On these grounds, he sold his interest to John W. Northcott who had been living in Linneus. Northcott remained with Dr. Smith for 18 months and aided in molding the paper as an organ for the Republican party (Clarence M. Kendrick, The History and Biography of Linn County Missouri (Chicago: Henry Taylor & Company, 1912), pp. 216-217.)
The Journal remained Republican with the transfer of editorship to James Smith in 1891. Smith promoted the party in his paper by publishing the Republican State ticket as well as the congressional, senatorial, and county. Other columns were filled with large advertisements and many articles cut from other papers as The Chicago Herald or The Chicago News (The Marceline Journal, October 23, 1890.) There was little room remaining for local news, and Smith decided to leave local news out of the paper. This immediately decreased his circulation.
A year later, 1892, Hiram Long and A. E. Nell gained controlling interest in The Journal. They added more local news to the contents, and changed the size to a tabloid. The Journal was not to remain in this form many years before it was changed by another editor, S. W. Dodge.
Dodge purchased The Journal in 1899 and made changes in the paper’s editorial policies as well as the paper’s appearance. In his first edition, February, 11, 1899 he set forth the policies of the paper: “So far as politics are concerned The Journal will be neutral, showing partiality to no party or creed, but working for the best interest of the people of Marceline and Linn County.”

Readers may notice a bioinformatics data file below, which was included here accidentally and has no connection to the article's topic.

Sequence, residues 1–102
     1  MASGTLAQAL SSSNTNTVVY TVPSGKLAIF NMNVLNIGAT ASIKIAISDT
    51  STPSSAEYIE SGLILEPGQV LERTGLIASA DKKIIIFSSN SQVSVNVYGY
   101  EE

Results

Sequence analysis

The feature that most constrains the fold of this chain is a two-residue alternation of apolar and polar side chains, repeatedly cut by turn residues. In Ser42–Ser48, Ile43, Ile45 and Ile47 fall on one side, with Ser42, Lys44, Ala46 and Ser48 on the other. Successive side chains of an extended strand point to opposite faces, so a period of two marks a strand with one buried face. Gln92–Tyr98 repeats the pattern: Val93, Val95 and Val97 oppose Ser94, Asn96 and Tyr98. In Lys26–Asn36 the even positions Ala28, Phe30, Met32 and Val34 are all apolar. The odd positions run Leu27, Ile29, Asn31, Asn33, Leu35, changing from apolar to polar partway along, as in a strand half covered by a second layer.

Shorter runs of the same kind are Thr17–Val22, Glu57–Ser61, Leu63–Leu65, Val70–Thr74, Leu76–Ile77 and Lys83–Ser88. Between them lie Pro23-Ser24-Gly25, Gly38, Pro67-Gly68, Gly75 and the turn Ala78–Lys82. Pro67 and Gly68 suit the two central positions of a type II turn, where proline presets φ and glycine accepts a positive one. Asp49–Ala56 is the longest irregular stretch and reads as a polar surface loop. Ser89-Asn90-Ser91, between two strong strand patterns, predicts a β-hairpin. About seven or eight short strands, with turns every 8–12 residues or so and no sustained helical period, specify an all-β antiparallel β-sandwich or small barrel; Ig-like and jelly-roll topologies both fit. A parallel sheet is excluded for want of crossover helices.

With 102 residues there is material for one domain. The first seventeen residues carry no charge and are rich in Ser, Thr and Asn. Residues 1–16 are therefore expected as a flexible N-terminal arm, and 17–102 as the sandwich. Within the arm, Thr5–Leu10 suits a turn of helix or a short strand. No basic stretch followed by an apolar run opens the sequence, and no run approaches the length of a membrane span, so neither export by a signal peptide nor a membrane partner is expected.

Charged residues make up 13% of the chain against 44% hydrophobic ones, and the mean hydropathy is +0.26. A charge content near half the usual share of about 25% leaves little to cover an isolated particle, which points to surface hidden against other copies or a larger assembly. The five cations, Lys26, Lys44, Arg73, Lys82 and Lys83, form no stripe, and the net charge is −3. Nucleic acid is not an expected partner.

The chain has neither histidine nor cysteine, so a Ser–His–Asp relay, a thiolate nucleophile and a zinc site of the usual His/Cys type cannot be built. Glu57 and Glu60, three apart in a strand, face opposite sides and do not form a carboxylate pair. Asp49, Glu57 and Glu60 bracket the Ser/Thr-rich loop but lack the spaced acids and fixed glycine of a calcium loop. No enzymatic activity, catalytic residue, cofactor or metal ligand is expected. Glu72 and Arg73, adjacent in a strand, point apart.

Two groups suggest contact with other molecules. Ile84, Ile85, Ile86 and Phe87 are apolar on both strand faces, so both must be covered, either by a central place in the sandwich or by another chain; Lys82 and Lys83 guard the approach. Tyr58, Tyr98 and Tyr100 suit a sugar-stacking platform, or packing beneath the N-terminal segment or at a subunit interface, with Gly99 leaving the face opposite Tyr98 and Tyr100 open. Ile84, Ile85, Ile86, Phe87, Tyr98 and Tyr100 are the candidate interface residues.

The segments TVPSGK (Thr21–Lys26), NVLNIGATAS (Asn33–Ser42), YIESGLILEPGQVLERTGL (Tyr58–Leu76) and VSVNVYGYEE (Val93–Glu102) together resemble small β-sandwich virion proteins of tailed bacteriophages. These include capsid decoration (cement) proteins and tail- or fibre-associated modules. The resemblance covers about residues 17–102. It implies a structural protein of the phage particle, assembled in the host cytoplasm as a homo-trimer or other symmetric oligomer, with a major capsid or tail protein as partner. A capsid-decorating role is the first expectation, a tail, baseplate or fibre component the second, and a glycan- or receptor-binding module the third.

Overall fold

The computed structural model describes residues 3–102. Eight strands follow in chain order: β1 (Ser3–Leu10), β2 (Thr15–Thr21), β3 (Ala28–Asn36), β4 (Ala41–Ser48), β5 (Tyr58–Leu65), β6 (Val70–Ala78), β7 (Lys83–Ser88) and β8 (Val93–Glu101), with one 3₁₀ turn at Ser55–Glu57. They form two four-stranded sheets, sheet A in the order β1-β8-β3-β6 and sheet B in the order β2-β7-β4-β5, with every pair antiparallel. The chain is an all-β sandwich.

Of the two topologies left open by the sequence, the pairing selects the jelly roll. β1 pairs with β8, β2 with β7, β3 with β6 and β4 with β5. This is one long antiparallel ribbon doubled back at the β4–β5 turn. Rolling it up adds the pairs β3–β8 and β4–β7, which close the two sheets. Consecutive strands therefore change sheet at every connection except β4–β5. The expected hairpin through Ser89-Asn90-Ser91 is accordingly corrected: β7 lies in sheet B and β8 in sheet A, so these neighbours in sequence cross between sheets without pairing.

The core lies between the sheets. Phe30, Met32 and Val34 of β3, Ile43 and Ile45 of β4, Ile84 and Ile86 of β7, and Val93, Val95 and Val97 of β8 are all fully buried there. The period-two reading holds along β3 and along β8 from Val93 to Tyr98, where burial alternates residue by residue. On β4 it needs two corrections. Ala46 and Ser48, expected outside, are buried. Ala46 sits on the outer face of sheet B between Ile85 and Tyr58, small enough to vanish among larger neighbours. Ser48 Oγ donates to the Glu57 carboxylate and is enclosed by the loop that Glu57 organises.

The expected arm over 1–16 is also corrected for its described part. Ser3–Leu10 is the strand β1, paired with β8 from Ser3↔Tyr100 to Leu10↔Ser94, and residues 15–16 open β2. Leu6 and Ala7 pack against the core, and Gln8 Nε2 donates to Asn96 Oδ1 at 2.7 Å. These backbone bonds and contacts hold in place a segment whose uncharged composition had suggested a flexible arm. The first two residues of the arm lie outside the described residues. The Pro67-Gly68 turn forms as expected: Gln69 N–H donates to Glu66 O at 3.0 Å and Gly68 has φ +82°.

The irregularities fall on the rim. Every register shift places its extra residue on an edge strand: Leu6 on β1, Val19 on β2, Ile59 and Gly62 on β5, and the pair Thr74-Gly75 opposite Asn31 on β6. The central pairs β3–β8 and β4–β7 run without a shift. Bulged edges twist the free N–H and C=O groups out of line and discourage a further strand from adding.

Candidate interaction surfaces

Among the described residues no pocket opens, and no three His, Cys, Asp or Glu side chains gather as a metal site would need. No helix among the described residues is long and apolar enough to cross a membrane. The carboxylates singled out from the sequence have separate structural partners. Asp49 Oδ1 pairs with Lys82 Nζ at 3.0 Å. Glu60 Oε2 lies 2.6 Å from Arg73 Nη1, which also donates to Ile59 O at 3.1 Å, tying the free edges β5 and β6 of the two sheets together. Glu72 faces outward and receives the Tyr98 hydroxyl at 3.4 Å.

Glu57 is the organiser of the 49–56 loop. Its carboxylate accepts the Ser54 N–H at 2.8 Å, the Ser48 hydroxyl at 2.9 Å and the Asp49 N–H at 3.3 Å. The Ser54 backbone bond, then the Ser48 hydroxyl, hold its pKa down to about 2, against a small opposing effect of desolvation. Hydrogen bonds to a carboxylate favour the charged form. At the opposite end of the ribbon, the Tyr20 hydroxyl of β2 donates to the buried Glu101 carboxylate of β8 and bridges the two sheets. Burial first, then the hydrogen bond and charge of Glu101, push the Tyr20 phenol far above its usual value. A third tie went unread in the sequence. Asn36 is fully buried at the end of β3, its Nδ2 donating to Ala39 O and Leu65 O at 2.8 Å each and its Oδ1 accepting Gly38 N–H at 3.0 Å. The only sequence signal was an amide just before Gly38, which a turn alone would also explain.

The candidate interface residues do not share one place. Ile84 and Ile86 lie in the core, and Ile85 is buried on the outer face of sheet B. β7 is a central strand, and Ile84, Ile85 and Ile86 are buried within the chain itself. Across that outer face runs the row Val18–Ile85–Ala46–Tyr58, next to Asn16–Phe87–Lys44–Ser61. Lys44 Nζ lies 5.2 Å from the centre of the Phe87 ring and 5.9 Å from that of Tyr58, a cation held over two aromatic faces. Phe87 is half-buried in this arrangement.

The Journal turned to local personalities for news although national news and cuts from other newspapers still were dominantly scattered throughout the paper. The front page was filled with events concerning the town and its individuals. The stories involving the local society were usually only one sentence long and had no headlines. Line etchings were favored over halftones, and the insides were filled with general news events as the article appearing in the March 2, 1899 issue: “Jesse James acquitted for Leeds train robbery.”
Charles Henry bought The Journal in 1900 and returned the Republican partisanship atmosphere to the paper. Henry was from the old school of journalism and presented Marceline with its first blanket editions. The Journal became eight pages instead of the previous four. These eight were actually one large, uncut sheet which folded into quarters. When spread out, it was the one sheet with print on each side (The Marceline Journal, March 30, 1900.)
The August 1, 1900 issue spread a three-column banner across the front page, “Republican County Convention.” This was the first edition by S. W. Birch and Charles B. McDowell who succeeded Henry. Birch and McDowell were blunt in their editorial which set forth their policies and those of the future Journal: “We are Republicans to the core.” The paper became a strong organ for North Missouri Republicans once again, and party politics was the main news story of the day.